Relatively little phospho-compositions are deposited on the solid particles thus requiring relatively small amounts of inhibitors.
The amount of corrosion inhibitor employed will vary with the particular composition employed, the particular system, etc. In general, one employs the composition in amounts sufficient to impart corrosion protection. In general, one employs trace amounts such as from about 1 to 10,000 ppm, for example from about 5 to 5,000, such as from about 10 to 1,000 ppm, but preferably from about 10 to 1,000 ppm based on total weight of system including solids.
In practice, one generally employs from about 10 to 500 ppm, with an optimum of about 25 to 250 ppm. Although greater concentrations can be employed there is generally no commercial advantage in doing so. The upper limit is determined by economic conditions.
This invention is effective in protecting from corrosion the metallic equipment employed in such systems such as pipes, transmission lines, meters, tanks, pumps and other equipment, particularly those containing iron, steel and ferrous alloys, etc.
In practice, the pH is maintained at about neutral such as from about 6.0 to 8.0, for example about 6.0 to 7.5, but preferably about 6.5 to 7.0.
Examples of other phospho-compositions which can be employed include the following:
(1) derivatives of butyl acid phosphate
(2) derivatives of phenyl acid phosphate
(3) other water soluble phosphate containing compounds and/or salts.
The following examples are presented for purposes of illustration and not of limitation.
The basic design of a laboratory apparatus contained the following major components, (1) a flush mounted probe attached to either a Petrolite®M3010 or M2002 recording corrosion ratemeter which measured the corrosion rate by an established polarization technique, (2) a Yellow Springs Instrument model 54 oxygen meter and probe, (3) a standard combination pH electrode and meter and (4) an impeller type stirrer.
Wash water slurry used in these tests was essentially an aqueous coal slurry with 3 to 10% coal fines obtained from a coal preparation plant. The coal contained in the slurry was strip-mined and/or deep mined. The pH of the water was 6.8, being controlled in the plant by the addition of caustic.
The stirring rate, measured by a strobe light, was normally kept constant at 500 rpm.
After addition of inhibitor, the pH was regulated, if necessary, by NaOH or H2 SO4.
Corrosion rates, under all conditions, were monitored until a near steady state rate was determined.
Corrosion tests were made using a flush mounted probe similar to a Petrolite®M540E probe with 1020 mild steel testing surface by a polarization resistance meter, a PAIR instrument described in U.S. Pat. No. 3,406,101.
Protection is calculated in the usual manner from corrosion rate (R1) of system without inhibitor and corrosion rate (R2) in presence of particular inhibitor according to the formula ##EQU1##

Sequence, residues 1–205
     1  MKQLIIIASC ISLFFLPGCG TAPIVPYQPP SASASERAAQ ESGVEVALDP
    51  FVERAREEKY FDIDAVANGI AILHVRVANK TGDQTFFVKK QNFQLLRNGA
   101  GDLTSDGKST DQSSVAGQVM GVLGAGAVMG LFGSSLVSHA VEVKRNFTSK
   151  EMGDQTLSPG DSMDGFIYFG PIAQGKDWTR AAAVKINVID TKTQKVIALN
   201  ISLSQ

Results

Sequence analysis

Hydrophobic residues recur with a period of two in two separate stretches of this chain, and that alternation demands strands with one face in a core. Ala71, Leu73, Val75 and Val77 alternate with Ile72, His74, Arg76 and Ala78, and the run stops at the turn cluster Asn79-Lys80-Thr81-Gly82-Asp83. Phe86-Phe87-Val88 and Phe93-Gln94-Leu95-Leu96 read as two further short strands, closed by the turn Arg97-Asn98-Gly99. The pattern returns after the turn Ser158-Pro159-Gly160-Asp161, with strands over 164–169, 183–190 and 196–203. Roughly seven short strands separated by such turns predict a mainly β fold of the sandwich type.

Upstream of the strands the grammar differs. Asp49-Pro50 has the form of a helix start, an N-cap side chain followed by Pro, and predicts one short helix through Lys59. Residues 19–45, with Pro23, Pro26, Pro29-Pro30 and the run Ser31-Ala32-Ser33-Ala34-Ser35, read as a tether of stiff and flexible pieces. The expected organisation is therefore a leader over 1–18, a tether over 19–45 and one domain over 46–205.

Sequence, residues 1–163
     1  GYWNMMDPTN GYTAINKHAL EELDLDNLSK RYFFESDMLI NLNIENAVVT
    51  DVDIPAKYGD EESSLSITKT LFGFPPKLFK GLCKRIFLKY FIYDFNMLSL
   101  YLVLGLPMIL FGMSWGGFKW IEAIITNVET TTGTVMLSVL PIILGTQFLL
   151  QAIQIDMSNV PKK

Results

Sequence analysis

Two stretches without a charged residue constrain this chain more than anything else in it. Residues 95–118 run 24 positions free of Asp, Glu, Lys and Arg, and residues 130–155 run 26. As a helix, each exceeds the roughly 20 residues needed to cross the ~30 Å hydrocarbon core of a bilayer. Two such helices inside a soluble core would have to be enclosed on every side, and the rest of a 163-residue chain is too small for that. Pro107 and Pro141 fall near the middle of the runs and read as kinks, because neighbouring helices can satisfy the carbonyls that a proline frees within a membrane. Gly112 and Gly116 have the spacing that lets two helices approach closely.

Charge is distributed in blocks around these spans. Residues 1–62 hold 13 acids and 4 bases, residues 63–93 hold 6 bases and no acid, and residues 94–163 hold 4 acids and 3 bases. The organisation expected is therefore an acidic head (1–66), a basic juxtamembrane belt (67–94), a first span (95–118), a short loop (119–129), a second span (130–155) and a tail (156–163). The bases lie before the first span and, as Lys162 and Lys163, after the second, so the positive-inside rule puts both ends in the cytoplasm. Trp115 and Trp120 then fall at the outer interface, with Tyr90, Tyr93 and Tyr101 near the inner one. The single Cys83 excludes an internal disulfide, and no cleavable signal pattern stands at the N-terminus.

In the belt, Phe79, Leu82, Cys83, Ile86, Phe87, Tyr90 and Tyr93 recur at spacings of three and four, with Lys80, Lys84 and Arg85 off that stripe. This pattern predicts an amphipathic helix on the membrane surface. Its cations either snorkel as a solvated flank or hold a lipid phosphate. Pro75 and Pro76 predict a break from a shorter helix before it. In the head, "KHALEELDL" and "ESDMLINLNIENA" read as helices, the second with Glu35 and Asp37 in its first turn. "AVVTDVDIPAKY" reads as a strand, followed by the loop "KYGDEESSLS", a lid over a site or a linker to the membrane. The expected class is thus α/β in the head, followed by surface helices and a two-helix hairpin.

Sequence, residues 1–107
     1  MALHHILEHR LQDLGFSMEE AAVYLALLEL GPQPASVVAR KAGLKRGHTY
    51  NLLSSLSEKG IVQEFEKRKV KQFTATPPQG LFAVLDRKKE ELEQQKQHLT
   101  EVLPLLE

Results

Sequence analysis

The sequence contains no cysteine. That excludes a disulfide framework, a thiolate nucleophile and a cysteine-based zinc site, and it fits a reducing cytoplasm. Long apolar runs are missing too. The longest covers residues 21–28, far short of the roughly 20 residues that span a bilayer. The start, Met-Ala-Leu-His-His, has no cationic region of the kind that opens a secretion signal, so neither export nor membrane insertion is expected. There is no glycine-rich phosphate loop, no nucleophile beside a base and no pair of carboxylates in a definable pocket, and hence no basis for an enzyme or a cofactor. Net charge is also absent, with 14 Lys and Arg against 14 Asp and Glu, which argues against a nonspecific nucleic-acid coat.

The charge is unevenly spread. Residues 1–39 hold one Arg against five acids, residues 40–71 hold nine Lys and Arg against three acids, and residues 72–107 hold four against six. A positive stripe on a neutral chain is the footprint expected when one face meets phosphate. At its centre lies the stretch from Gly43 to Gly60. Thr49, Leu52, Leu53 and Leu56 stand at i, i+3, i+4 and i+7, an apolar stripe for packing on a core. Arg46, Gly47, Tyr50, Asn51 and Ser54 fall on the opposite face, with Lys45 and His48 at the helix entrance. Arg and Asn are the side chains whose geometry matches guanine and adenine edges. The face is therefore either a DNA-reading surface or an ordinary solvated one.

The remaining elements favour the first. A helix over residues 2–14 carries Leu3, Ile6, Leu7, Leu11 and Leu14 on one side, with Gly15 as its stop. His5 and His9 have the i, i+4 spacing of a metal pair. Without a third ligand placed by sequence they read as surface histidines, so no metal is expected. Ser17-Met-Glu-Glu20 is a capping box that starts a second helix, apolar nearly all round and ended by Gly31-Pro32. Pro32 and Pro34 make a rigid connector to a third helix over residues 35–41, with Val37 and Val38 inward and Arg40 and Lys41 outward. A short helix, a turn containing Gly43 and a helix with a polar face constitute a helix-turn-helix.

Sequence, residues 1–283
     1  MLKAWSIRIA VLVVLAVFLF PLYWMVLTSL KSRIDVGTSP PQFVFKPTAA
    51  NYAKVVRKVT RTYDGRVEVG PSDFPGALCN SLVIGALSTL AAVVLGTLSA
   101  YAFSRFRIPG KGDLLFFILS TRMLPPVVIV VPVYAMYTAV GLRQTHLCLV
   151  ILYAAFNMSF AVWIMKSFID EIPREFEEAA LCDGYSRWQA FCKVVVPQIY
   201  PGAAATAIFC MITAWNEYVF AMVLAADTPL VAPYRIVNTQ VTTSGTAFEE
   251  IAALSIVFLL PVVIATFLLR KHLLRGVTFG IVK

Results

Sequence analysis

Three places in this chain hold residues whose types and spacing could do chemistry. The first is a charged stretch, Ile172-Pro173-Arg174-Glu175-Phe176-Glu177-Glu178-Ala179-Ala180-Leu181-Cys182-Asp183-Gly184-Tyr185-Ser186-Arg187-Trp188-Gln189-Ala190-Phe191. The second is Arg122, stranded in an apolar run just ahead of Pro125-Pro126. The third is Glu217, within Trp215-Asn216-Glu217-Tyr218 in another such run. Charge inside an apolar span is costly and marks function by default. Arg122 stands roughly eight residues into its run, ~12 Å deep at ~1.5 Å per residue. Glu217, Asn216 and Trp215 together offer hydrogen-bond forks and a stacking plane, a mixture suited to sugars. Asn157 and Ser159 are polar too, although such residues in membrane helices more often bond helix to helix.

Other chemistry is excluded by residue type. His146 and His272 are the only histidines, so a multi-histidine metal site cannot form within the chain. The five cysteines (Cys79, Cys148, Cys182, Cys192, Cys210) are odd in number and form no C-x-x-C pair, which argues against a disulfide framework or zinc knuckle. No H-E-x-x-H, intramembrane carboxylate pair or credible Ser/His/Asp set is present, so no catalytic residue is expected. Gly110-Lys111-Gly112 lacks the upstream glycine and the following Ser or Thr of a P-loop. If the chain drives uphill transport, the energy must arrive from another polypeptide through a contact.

The results of Example A are presented in the following Table AI.
TABLE AI______________________________________ Blank Inhibited % Conc., Rate, Rate, Protec-Ex. Type Inhibitor ppm mpy mpy tion______________________________________1 Heavy Dichromate 500 43.0 11.3 74metal2 1000 43.0 10.4 763 Phos- TKPP 64 51.0 34.5 32phate4 128 43.8 15.0 665 192 51.0 7.5 856 256 51.0 7.0 867 PBS-AM 32 43.3 40.3 6.98 64 43.3 40.3 6.99 160 43.3 29.8 3110 280 43.3 24.4 4411 320 37.9 13.5 6412 384 43.3 15.8 6413 640 43.3 16.3 6214 1:2 PBS-AM: 48 40.0 29.4 27 TKPP15 96 40.0 19.4 5216 144 40.0 8.1 8017 192 40.0 6.0 8518 288 40.0 6.7 8319 NH.sub. 4+ Butyl 50 44.8 40.5 10 Phosphate20 100 44.8 37.5 1621 500 44.8 26.5 4122 750 44.8 19.5 5723 1250 44.8 10.8 7624 2000 44.8 12.0 73______________________________________
The results in Table AI indicate that by far Tetrapotassium pyrophosphate (TKPP), 2-phosphono-1,2,4-butane tricarboxylic acid (PBS-AM) and a 1:2 mixture of PBS-AM and TKPP are the most effective inhibitors tested.
In view of the effectiveness of TKPP, this corrosion inhibitor was used to demonstrate that the decrease in the electrochemical corrosion measured by the ratemeter corresponds to an appropriate decrease in actual weight loss. For these tests, a standard 3 pin electrode system was used in which the electrochemical corrosion rate was actually measured on the coupons on which the weight loss was determined.
These results, as shown in Table AII, indicate that electrochemical corrosion is the major cause of metal loss. Furthermore, in the uninhibited system the increased wear on the side of the coupons upon which collisions of the fines is favorable is consistent with an erosion-corrosion mechanism. This uneven wear, however, was not evident in the inhibited system, which again suggests that erosion of metal is not the actual mechanism of weight loss.